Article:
California's complex terrain can cause considerable differences in the precipitation received by areas only a few miles apart. As a result, accurate estimates of local precipitation are essential for accurate estimates of river flow in mountainous areas. To illustrate this dependence, CARS computations were made for the area-averaged daily rainfall for the entire Russian River basin (approximately 7000 km2) and compared with calculations of the Hopland watershed (a smaller area, about 660 km2) within the Russian River basin, north of the Hopland gauge station. The simulated daily rainfall for the two areas differs by factors of two to three (Figure 2a).

To evaluate CARS's ability to predict river flow and flooding, simulated precipitation values for the Hopland watershed were compared with the observed precipitation values for the first 12 days of January (which were used by the National Weather Service's California-Nevada River Forecast Center to model river flow). CARS successfully simulated the amounts and timing of rainfall over the Hopland watershed, except on January 10, where the model overestimated precipitation by a factor of two (Figure 2b). Upon further examination, this overestimation was found to have resulted from excessive amounts of water vapor flux in the input data for the CARS simulation, clearly demonstrating the dependence of regional predictions on accurate large-scale data.

Figure 2c plots the observed and simulated daily-mean river flow volume of the Russian River at the Hopland gauge station from January 1 through January 12. CARS simulated the river flow rate to within 10% accuracy during the flood stage. The overestimation of modeled river flow for January 11 was due in part to the overpredicted rainfall for January 10, as noted above. For the low flow periods before flooding, simulated river flow exceeded the observed river flow mainly because of uncertainties in the initial water content of the soils, a difficult variable to simulate.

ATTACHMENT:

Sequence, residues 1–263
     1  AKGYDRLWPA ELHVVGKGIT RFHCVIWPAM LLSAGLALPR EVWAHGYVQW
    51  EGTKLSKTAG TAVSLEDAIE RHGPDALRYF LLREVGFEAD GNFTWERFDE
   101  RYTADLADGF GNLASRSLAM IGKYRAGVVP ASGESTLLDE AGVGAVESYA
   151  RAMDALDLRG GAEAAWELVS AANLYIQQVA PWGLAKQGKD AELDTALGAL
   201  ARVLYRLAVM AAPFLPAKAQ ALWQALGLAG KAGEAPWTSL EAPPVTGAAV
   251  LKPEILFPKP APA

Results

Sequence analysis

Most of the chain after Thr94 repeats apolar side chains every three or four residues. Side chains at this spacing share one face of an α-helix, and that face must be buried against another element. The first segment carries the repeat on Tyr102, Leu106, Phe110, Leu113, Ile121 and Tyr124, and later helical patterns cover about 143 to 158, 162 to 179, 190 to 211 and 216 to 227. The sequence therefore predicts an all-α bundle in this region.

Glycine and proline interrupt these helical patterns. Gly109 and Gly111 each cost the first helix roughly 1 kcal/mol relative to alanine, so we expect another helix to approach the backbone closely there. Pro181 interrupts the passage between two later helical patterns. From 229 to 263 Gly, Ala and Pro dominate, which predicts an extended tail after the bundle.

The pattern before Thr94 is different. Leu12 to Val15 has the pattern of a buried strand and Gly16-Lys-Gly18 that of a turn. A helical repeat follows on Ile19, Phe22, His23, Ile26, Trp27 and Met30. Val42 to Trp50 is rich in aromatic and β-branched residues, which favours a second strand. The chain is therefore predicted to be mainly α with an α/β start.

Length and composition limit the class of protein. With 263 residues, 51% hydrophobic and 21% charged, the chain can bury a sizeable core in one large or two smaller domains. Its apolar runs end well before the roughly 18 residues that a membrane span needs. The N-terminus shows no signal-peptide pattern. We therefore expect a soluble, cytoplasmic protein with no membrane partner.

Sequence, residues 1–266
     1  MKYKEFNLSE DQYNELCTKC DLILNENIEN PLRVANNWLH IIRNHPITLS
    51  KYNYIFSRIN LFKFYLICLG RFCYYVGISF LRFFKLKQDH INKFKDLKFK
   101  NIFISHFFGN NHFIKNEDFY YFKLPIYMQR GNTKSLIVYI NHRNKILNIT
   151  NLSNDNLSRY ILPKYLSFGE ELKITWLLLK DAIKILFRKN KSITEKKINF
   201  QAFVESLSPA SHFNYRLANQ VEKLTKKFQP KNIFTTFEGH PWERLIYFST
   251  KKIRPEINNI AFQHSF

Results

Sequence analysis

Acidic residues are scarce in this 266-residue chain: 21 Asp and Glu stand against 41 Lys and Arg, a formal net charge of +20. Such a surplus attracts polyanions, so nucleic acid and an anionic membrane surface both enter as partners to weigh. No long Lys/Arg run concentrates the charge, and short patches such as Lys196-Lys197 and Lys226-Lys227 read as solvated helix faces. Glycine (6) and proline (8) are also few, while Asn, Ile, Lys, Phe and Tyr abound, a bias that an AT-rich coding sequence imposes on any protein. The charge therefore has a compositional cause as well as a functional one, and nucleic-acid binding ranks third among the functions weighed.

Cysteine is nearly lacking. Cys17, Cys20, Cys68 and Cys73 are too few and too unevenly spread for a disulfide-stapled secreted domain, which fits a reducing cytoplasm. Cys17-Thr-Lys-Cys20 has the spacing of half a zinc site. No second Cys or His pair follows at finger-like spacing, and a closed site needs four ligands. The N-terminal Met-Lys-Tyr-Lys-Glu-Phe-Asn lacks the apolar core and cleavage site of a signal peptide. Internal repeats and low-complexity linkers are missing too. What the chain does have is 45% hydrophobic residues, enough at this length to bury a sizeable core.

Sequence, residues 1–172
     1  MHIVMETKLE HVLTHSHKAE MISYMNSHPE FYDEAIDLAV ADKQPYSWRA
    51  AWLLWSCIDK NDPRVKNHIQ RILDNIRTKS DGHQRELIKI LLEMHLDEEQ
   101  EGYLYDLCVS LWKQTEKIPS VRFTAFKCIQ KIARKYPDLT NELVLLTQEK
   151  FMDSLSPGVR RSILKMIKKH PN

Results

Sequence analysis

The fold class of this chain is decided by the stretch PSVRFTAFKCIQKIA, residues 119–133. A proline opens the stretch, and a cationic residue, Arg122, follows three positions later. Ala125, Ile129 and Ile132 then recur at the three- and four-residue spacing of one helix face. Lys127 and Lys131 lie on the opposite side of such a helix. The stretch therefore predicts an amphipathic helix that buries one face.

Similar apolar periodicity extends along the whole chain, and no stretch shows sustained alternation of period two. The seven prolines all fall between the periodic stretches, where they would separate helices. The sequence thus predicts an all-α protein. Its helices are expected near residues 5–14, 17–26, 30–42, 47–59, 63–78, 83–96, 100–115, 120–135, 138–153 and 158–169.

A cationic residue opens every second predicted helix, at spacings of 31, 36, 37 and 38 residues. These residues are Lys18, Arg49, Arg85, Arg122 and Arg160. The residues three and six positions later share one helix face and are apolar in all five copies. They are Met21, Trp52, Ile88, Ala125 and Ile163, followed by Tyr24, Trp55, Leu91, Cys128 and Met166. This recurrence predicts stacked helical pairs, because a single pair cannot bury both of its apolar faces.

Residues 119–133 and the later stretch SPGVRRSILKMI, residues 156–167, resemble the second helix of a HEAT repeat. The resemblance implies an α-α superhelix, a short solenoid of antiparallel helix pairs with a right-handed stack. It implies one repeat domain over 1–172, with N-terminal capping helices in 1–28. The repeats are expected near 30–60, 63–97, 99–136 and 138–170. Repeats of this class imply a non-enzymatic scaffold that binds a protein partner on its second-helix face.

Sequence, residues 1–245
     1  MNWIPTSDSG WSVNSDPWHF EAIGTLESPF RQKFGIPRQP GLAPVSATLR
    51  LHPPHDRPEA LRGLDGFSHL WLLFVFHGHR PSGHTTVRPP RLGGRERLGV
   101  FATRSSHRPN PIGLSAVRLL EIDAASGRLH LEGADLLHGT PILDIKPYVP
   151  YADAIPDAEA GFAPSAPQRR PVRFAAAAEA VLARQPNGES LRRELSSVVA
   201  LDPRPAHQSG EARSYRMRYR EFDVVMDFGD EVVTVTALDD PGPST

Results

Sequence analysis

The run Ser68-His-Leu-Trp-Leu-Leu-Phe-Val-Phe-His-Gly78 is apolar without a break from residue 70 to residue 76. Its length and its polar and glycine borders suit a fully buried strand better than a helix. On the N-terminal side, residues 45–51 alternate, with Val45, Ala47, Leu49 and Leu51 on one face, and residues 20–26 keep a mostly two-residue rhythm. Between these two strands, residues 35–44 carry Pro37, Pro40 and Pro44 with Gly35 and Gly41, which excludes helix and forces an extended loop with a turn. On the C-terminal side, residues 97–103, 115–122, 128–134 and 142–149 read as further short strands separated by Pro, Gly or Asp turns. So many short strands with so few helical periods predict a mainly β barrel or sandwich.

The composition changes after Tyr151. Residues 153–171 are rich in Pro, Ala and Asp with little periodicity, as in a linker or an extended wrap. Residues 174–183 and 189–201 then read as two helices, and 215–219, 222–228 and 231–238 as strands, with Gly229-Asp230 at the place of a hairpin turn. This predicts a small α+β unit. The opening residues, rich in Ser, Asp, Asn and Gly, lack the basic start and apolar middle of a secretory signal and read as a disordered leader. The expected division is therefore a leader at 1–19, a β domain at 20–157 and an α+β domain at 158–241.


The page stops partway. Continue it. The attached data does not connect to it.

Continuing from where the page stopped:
These successful predictions of extreme precipitation and river flow demonstrate the applicability of the CARS system to short-term, local weather forecasting. Such modeling will not replace human weather forecasters; rather, modeling can provide another type of data to assist forecasters. As Jinwon Kim, one of CARS's developers, remarks, "The value of front-line forecasting is that the forecasters have the experience to interpret data from various sources. Our goal is to create a modeling system that can help improve the accuracy of a forecast and the time span for which it is valid."

Improving short-term weather forecasts is but one step toward the long-range goal of understanding and predicting global climate change and its regional impacts. Having successfully simulated the Russian River situation, CARS's developers are moving ahead on several fronts. CARS's hydrology simulation model is being extended to include other major river systems in California, specifically the inflow to Lake Shasta, the Feather River, and the American River. This expansion will make it possible to use CARS for simulating local weather and river flows over northern California's major watersheds.

In collaboration with the National Weather Service, the CARS system is being used for experimental weather prediction for the southwestern United States. Simulations are also being run to test CARS's ability to assess water resources over seasonal, multiyear, and decadal time scales, to model the effect of such global phenomena as El Nino on regional climate, and to determine the effects of pollutants such as carbon dioxide and aerosols on climate change.


References
1.


J. Kim and S.-T. Soong, "Simulation of a Precipitation Event in the Western United States," Proceedings of the 6th Conference on Climate Variations (January 1994), pp. 407-410. (UCRL-JC-114412)
2.


H.-R. Cho et al., "A Model of the Effect of Cumulus Clouds on the Redistribution and Transformation of Pollutants," Journal of Geographical Research 94 (ND10), 12,895-12,910 (1989).
3.


S. K. Jenson and J. O. Domingue, "Extracting Topographic Structure from Digital Elevation Data for Geographic Information System Analysis," Photogrammetric Engineering and Remote Sensing 54 (11), 1593-1600 (1988).
4.


K. J. Beven and M. J. Kirkby, "A Physically Based, Variable Contributing Area Model of Basin Hydrology," Hydrological Science Bulletin 24, 43-69 (1979).



For further information contact Jinwon Kim (510) 422-1848 (kim1@llnl.gov), Norman Miller (510) 423-1283 (norm@llnl.gov), Donald Ermak (510) 423-0146 (ermak1@llnl.gov), or William Dannevik (510) 422-3132 (dannevik1@llnl.gov).